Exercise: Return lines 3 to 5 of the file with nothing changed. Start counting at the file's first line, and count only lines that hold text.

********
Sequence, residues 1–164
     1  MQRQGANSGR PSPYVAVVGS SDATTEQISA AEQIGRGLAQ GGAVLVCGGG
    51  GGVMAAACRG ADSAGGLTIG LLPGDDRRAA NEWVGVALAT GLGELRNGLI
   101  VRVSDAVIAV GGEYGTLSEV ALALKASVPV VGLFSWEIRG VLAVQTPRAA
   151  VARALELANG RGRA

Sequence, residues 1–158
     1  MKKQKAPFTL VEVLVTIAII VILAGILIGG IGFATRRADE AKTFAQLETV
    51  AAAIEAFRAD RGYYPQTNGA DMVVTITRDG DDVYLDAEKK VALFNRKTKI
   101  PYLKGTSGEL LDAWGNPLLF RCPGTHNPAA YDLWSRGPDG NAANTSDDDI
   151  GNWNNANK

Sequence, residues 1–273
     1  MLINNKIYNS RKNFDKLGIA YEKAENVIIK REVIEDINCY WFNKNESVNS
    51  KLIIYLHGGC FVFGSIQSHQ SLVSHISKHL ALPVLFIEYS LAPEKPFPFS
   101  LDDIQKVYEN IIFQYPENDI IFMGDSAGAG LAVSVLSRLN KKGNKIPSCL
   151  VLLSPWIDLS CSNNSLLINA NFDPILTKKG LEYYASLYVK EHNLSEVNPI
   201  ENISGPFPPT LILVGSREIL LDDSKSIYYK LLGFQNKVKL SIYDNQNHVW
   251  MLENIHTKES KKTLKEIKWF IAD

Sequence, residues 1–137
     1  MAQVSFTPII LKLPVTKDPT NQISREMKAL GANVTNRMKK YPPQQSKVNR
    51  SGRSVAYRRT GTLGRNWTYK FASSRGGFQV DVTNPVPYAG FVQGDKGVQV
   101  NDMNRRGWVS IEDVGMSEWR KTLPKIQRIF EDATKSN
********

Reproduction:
    51  GGVMAAACRG ADSAGGLTIG LLPGDDRRAA NEWVGVALAT GLGELRNGLI
   101  VRVSDAVIAV GGEYGTLSEV ALALKASVPV VGLFSWEIRG VLAVQTPRAA
   151  VARALELANG RGRA